Forgery is defined as altering, creating, transferring, completing or issuing any writing of another without authority or consent. Forgery is the creation of a false documents or the alteration of a genuine documents, coupled with the intention to defraud. It is not necessary for the entire document to be false, one insertion or forged signature can be classified as forgery. Forgery is generally considered a crime against property.
A person is guilty of the crime of forgery when they; offer or supply a document with inauthentic writing as genuine, when their intent is to defraud or injure, and when they were aware of the false nature of the forgery. Typical instruments of forgery include:
- Credit cards;
- Money or coins;
- Tokens or stamps;
- Promissory notes;
- Acquittance, or discharge for money or other property;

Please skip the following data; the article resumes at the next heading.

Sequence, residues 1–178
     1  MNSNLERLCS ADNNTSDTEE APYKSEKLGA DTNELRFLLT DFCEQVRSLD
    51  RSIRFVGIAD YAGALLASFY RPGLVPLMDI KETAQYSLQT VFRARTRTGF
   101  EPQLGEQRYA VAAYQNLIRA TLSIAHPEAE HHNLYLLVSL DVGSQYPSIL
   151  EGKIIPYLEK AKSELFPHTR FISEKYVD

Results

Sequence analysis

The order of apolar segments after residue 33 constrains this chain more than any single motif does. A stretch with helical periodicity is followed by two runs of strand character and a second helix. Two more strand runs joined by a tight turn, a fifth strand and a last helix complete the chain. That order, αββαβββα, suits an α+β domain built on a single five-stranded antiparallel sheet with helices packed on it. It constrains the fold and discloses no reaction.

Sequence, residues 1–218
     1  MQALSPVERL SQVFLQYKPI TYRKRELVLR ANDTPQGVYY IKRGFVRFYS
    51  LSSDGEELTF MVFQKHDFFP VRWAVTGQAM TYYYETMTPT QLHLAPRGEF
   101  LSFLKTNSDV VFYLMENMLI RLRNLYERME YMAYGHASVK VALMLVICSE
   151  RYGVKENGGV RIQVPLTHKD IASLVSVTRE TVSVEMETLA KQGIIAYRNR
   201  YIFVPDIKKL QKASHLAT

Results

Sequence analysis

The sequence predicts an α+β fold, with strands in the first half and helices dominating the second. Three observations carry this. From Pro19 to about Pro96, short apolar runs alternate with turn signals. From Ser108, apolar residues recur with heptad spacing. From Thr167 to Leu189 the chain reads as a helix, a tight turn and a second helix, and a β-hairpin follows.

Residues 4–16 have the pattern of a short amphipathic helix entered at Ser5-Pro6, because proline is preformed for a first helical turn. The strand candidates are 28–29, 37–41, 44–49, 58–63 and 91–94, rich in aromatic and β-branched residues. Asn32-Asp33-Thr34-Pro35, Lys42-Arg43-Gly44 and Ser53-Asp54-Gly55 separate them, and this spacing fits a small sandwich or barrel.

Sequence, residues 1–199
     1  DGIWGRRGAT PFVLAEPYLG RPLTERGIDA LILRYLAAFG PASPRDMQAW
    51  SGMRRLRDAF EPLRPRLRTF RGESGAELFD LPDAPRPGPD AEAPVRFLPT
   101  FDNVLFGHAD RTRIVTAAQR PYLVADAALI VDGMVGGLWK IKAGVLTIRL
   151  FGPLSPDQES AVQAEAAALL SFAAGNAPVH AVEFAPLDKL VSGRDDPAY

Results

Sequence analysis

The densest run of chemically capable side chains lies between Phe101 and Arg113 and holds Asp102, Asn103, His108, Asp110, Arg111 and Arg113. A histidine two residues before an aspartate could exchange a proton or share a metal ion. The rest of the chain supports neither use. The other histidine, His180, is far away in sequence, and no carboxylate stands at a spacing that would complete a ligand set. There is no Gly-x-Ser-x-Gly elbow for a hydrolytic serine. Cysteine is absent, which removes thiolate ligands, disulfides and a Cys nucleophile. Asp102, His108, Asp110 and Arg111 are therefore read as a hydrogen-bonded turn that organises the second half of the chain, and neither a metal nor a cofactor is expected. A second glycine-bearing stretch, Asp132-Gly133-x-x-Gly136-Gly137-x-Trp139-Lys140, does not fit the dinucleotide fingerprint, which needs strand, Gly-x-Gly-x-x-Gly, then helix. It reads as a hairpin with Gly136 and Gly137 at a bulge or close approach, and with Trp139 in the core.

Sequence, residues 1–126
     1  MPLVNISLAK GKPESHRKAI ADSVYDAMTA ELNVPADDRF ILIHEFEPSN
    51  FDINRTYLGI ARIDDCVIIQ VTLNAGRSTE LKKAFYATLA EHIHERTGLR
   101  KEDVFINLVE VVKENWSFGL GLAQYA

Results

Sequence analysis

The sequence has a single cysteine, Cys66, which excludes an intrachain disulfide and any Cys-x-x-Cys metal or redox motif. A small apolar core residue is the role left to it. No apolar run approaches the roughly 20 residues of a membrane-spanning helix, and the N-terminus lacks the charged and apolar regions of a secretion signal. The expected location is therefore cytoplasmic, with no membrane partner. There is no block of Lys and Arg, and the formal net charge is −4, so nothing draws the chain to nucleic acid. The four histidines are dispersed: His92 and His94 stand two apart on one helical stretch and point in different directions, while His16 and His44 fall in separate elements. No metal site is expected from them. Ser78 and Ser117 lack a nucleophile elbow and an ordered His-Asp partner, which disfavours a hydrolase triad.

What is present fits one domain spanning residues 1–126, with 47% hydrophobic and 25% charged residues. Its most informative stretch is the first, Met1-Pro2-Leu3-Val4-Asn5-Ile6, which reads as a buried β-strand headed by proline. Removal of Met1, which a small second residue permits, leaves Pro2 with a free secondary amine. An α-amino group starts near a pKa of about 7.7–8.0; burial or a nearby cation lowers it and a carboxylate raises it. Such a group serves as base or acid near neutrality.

- Letters of Attorney;
- Policy of insurance;
- Bills of exchange or bills of lading;
- Vehicle titles;
- Trademarks and symbols of value, right, privilege, or identification;
- Passage ticket, pass or other evidence of transportation issued by a common carrier.
Forgery crimes can be charged as either misdemeanors or felonies, depending on the nature of the crime and the type of property that was forged. A person charged with forgery in Philadelphia may be in danger of facing the following penalties if convicted, if the forgery was of:
- Money, postage stamps, securities, stocks, bonds or any writings issued by the government it is a 2nd Degree Felony punishable by a fine of $5,000 to $25,000 and/or up to 10 years in prison.
- A will, a contract, a deed or any other writings which affect legal relations it is a 3rd Degree Felony punishable by a fine of $2,500 to $15,000 and/or up to 7 years in prison.
- Other forgeries are 1st Degree Misdemeanors punishable by a fine of $1,500 to $10,000 and/or up to 5 years imprisonment.
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Michael N. Kotik, Esq. (PA, NJ)